Lorry driving, like many other jobs that help power the British economy, could be facing a huge shake-up thanks to advances in artificial intelligence (AI) – a field of computer science in which machines are taught to carry out tasks that require human traits of thought or intelligence. The self-driving vehicle market is already set to take the 21st century by storm, which could leave thousands of transport workers unemployed.
Other markets expected to be affected include call centres, banking, retail and journalism as technology advances at lightning speed.
The Institute for Public Policy Research Scotland recently claimed that up to 46% of jobs in Scotland could be at risk within the next decade. Accountancy firm PwC predicted 30% of existing jobs in the UK could be “at high risk of automation” by the 2030s.
Calum Chace, author of Surviving AI and the Economic Singularity, said, “The industrial revolution was mechanisation and humans had something else to offer – cognitive skills. This time around machines are coming for our cognitive jobs.”
Consultants Accenture estimated AI could increase the UK economy by approximately £654bn by 2035.
In an interview with the Guardian, Juergen Maier, chief executive of Siemens UK said, “The absolute nightmare for me would be that we’re applying this technology, we’re displacing jobs as a result of it – which will happen – but what we’re not doing at the same time is creating all the jobs in computer science, in data analytics, in software code writing,”
All of which leaves Britain’s next government with a quandary – continue to invest heavily to support Britain’s fledgling AI industries, in the belief they will foster greater efficiency and productivity, and new jobs, or safeguard the rights of existing workers?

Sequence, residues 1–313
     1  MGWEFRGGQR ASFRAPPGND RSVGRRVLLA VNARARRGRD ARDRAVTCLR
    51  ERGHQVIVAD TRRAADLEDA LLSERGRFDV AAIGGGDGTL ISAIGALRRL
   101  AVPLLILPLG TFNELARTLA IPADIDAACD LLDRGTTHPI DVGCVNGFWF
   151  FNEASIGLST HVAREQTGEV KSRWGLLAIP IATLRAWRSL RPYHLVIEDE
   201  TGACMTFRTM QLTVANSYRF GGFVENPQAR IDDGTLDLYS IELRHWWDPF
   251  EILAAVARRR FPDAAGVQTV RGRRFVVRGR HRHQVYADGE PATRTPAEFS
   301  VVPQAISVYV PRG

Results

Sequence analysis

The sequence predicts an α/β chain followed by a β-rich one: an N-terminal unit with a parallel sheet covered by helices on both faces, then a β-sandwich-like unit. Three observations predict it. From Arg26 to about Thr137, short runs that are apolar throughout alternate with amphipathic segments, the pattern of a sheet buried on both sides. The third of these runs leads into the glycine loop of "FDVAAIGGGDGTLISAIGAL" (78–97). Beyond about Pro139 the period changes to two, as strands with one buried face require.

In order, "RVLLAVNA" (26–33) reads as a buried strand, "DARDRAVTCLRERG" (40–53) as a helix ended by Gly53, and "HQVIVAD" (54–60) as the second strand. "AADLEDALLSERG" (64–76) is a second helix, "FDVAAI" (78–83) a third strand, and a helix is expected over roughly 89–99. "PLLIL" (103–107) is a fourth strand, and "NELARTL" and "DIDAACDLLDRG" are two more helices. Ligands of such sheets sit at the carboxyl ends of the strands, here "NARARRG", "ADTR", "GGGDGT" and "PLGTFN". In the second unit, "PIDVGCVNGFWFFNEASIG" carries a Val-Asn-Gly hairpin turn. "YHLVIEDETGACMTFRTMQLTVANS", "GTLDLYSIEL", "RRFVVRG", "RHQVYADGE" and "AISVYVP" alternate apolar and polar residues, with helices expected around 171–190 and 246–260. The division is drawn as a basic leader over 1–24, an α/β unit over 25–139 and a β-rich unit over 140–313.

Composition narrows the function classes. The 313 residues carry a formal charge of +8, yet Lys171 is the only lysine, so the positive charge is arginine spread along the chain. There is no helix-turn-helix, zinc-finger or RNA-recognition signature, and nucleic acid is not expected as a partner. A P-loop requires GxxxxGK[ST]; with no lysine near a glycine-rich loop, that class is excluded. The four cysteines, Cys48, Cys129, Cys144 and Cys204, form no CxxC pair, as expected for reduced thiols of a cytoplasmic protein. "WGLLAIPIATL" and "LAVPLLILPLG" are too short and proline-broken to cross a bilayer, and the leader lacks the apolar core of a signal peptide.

Thanks to the upcoming general election, it’s possible to get an idea of how primed our politicians are for the AI future.
In its 2017 manifesto the Conservative Party states that Britain is “leading the world in preparing for autonomous vehicles,” although in reality others are further ahead.
The Lib Dems note the “advent of robotics and increasing artificial intelligence will also change the nature of work for many people”. They say the government “needs to act now to ensure this technological march can benefit everyone and that no areas are left in technology’s wake”.
The Conservatives also commit to establishing “institutes of technology” and pledge to a long-term goal of investing 3% of the UK’s GDP in research and development.
Labour’s Tom Watson, Shadow Secretary of State for Culture and Media, told the BBC there is “no doubt” automation and AI will “change most people’s jobs”.
“We want to understand the implications of new technology on work and make achievable recommendations about the most pressing challenges and opportunities of the future,” he said.
UKIP’s manifesto doesn’t mention AI or automation, although it has pledged to scrap tuition fees for degrees in technology, mathematics and engineering.
Concerning the lorry drivers, the Road Haulage Association said its members were “deeply sceptical” about whether driverless lorries would actually come into fruition within the next 10 years.
Despite this, Jack Semple, director of policy, admitted “if it works, particularly in HGVs, there is huge potential for savings.
“You eliminate not only driver costs but also the restrictions on vehicle movement that come from drivers’ hours regulations.”
The consensus is that if people see driverless vehicles and lorries on our roads, they may actually realise just how impressive computers are, and perhaps new tactics should be taken within other industries to ensure job security.
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